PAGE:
Can bariatric surgery reduce cognitive decline?

Want to keep the old grey matter in shape? It’s not just crosswords, learning new languages or a musical instrument that can help. Bariatric surgery and weight loss control may be a cognitive helper too – as the Winnett Specialist Group doctors Mr Jason Winnett (Bariatric & Laparoscopic Surgeon) and Dr Audrey Kotzander (GP) reveal. 

Blood pressure. Cholesterol. Cancer. Non-alcoholic Fatty Liver Disease.

“There are countless chronic medical conditions associated with obesity and metabolic disease, but what is less known within the patient community is the impact on cognitive decline with weight gain,” says GP Dr Audrey Kotzander.  

One study of 6582 patients reported in the International Journal of Epidemiology*1, found women with central weight obesity had a 39% increased risk of dementia.  

Other research*2 suggests that obesity-triggering vascular dementia decreases not only blood supply to the brain, but also increases fat cells that damage the brain’s white matter, leading to a loss of cognitive and intellectual behaviour. 

“Obesity is a very complex illness,” says Dr Kotzander. “Patients are more likely to dismiss a bit of knee pain, or a few extra kilograms around their tummy. But once you explain that severe obesity can cause neurodegenerative changes it adds a new perspective. 

“What is most interesting is that large studies show that it’s the mid-life obesity increases that has more impact on dementia risk, rather than having a higher BMI in the later years of life*3.” 

So, what does the latest study on bariatric surgery and cognitive decline show?   

“Just as bariatric surgery often shows improvements to sleep apnoea, knee pain and other chronic illnesses, bariatric surgery may also help reduce early brain decline which appears to be more rapid in individuals with obesity, “says Mr Winnett of the study in the Journal of Nutrition Health & Aging.*4

The study assessed 85 bariatric surgery patients at two-year-follow up and performed a collection of memory and language tests as well as auditory verbal learning tests.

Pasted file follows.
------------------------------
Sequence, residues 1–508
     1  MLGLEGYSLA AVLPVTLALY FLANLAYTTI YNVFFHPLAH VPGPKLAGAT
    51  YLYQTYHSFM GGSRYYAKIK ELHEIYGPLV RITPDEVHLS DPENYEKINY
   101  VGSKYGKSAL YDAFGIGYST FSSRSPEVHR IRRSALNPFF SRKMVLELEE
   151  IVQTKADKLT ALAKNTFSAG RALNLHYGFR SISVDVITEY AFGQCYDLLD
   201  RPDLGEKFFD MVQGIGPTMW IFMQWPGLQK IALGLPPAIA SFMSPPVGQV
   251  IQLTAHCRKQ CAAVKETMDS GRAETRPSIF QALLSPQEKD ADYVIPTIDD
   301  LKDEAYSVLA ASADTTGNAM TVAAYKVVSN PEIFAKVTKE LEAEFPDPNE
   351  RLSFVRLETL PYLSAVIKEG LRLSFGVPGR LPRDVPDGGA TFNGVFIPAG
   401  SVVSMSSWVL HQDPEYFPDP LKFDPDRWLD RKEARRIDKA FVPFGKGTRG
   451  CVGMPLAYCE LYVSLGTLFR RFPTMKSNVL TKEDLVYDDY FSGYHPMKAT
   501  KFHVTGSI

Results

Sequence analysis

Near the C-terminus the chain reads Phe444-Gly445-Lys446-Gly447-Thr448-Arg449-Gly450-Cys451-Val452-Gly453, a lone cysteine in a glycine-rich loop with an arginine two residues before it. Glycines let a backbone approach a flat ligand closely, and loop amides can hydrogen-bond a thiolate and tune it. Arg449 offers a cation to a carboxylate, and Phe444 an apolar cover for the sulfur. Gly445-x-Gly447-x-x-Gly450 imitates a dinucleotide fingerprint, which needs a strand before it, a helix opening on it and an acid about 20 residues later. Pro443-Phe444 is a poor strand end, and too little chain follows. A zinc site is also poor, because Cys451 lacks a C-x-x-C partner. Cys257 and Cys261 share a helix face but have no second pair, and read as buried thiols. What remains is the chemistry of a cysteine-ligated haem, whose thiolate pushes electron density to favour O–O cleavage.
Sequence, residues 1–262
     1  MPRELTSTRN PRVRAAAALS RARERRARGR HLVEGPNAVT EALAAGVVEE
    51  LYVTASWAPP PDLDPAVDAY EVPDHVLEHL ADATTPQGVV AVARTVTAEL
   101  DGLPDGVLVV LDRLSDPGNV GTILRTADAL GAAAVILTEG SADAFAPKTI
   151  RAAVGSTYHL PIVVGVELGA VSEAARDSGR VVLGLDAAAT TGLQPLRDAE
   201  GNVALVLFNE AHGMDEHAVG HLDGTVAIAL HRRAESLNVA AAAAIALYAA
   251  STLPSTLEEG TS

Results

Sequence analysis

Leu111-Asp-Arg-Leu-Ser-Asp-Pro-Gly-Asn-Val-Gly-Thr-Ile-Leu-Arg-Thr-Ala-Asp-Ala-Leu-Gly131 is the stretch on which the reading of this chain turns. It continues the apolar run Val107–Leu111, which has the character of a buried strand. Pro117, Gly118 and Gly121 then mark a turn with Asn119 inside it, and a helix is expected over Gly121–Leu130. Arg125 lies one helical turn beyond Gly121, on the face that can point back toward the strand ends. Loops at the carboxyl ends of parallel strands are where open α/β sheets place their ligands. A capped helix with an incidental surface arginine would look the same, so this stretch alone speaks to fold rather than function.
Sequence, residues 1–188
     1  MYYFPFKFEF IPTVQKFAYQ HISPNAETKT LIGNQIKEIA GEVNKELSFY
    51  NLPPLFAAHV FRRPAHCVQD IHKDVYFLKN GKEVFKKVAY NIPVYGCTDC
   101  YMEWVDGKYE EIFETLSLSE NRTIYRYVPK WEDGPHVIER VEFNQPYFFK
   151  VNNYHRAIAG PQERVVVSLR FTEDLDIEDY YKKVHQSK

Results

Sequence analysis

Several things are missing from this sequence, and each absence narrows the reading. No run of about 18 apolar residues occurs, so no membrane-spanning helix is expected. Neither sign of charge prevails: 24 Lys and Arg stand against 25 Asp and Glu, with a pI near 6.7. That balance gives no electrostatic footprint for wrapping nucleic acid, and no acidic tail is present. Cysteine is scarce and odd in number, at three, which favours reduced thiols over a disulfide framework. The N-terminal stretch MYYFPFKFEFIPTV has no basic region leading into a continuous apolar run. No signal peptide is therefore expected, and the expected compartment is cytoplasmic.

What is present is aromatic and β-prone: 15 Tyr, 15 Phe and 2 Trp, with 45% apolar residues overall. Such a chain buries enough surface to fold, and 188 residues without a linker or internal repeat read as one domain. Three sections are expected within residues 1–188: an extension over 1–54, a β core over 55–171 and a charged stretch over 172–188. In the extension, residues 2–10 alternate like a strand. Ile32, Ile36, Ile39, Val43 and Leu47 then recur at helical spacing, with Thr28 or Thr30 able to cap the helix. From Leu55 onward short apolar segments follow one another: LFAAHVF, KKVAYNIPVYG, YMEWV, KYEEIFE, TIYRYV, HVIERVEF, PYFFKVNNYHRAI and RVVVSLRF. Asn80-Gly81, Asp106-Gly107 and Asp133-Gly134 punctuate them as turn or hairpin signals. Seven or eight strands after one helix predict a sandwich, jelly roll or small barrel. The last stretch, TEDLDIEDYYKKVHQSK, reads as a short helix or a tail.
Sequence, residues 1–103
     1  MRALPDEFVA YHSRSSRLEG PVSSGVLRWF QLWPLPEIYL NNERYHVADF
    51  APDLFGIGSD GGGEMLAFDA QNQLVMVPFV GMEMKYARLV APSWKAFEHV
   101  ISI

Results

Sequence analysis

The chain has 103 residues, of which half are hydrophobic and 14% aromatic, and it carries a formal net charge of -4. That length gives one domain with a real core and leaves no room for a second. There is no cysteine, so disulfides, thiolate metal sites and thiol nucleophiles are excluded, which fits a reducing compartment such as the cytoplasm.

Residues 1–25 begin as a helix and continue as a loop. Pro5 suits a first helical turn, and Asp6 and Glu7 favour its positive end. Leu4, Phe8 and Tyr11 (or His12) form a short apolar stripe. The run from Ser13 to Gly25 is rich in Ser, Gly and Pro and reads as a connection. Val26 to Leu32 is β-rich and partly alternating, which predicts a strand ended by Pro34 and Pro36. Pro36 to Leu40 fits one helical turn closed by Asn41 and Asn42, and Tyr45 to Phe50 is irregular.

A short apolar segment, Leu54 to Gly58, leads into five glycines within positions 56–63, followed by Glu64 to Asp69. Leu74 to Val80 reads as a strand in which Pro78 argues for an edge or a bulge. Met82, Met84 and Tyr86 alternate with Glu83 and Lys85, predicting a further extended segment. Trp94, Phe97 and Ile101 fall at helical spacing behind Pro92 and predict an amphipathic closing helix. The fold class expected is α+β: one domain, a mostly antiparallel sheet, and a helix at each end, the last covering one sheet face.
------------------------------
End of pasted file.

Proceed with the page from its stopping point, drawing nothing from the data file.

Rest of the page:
“Although one recall test showed decline, those patients who underwent bariatric surgery had stable cognition two years down the track for the remainder of the tests, and there were improvements in executive function,” he said. 

A separate JAMA study on 133 bariatric patients, mostly women*5,  found that two years after bariatric surgery: 

✓ 11% of participants improved working memory by 11% 
✓ 31% demonstrated improvements in episodic memory. 
✓ 24% showed improvement in verbal fluency. 
✓ 40% were better able to shift their attention.

Dementia is a lesser known symptom in the metabolic equation.

Mr Winnett says patients are often aware that vascular diabetes impacts the risk of dementia, because “the vessels in the brain and ears are among the smallest and most fragile in the body.”  

“However more and more evidence is emerging that neurodegenerative pathways in the brain have an impact on all three diseases*6 – obesity, diabetes and Alzheimer’s.”

He says patients struggling with diabetes and obesity are wise to remember that the human brain is “the body’s command centre.”

“The brain controls how we feel, learn and recall.

“In order for it to be efficient, it uses sugar in the body for energy – in fact uses about half of all the sugar energy in the body to function properly. 

“So, when sugar levels fall outside of the normal range it can cause nerve damage to the delicate vessels in the brain, the same way that diabetes can cause damage to the nerves in the feet.”

“This can contribute to problems with learning, remembering, and mood issues over time and certainly later Alzheimer’s and dementia.”  

What is the difference between Alzheimer’s and dementia anyhow?  

“Dementia is a general term for the decline in mental ability that is severe enough to interfere with daily life, while Alzheimer’s is a specific form of dementia and the most common cause of dementia,” says Mr Winnett. 

“But whatever you call it, we know obesity is involved and that weight loss is one of the most modifiable ways to help prevent brain decline.”

At Winnett Specialist Group, we look after people, not just conditions. If you’re struggling with weight management and concerned about its impact on your overall and cognitive health, we’re here to help. Our specialists, Mr. Jason Winnett and Dr. Audrey Kotzander, are dedicated to providing care that supports both your body and mind. To book a consultation with us, click here.


Mr Jason Winnett 

Laparoscopic and Bariatric Surgeon 

Dr. Audrey Kotzander

Bariatric Physician

P (03) 9417 1555 

Queens Terrace, 382 Victoria Parade, East Melbourne 3002   



Higher risk of dementia in English older individuals who are overweight or obese | International Journal of Epidemiology | Oxford Academic ( 

2, Does obesity increase the risk of dementia? Cureus May 2018 

3 Obesity trajectories and risk of dementia: 28 years of follow-up in the Whitehall II Study, Alzheimer’s Dementia 2018.

4 The Effect of Surgical Weight Loss on Cognition in Individuals with Class II/III Obesity | The journal of Nutrition, Health & Aging December, 2023 

5 Long-Term Brain Structure and Cognition Following Bariatric Surgery, JAMA 2024

6 Common neurodegenerative pathways in obesity, diabetes, and Alzheimer’s disease, Science Direct 2018’